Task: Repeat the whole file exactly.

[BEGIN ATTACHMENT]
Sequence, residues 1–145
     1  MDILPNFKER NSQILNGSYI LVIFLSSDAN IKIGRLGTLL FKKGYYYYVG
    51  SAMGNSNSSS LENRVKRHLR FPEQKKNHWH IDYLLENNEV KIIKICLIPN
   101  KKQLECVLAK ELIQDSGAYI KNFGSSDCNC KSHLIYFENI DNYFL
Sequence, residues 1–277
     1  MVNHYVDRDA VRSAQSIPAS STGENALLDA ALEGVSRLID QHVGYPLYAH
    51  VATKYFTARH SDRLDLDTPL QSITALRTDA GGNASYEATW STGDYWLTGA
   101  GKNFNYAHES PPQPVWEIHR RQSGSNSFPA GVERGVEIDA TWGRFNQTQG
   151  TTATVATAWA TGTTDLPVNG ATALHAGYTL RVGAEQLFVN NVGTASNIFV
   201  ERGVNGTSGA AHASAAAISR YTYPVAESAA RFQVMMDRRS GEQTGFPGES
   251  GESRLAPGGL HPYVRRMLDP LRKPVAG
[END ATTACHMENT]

Sequence, residues 1–145
     1  MDILPNFKER NSQILNGSYI LVIFLSSDAN IKIGRLGTLL FKKGYYYYVG
    51  SAMGNSNSSS LENRVKRHLR FPEQKKNHWH IDYLLENNEV KIIKICLIPN
   101  KKQLECVLAK ELIQDSGAYI KNFGSSDCNC KSHLIYFENI DNYFL
Sequence, residues 1–277
     1  MVNHYVDRDA VRSAQSIPAS STGENALLDA ALEGVSRLID QHVGYPLYAH
    51  VATKYFTARH SDRLDLDTPL QSITALRTDA GGNASYEATW STGDYWLTGA
   101  GKNFNYAHES PPQPVWEIHR RQSGSNSFPA GVERGVEIDA TWGRFNQTQG
   151  TTATVATAWA TGTTDLPVNG ATALHAGYTL RVGAEQLFVN NVGTASNIFV
   201  ERGVNGTSGA AHASAAAISR YTYPVAESAA RFQVMMDRRS GEQTGFPGES
   251  GESRLAPGGL HPYVRRMLDP LRKPVAG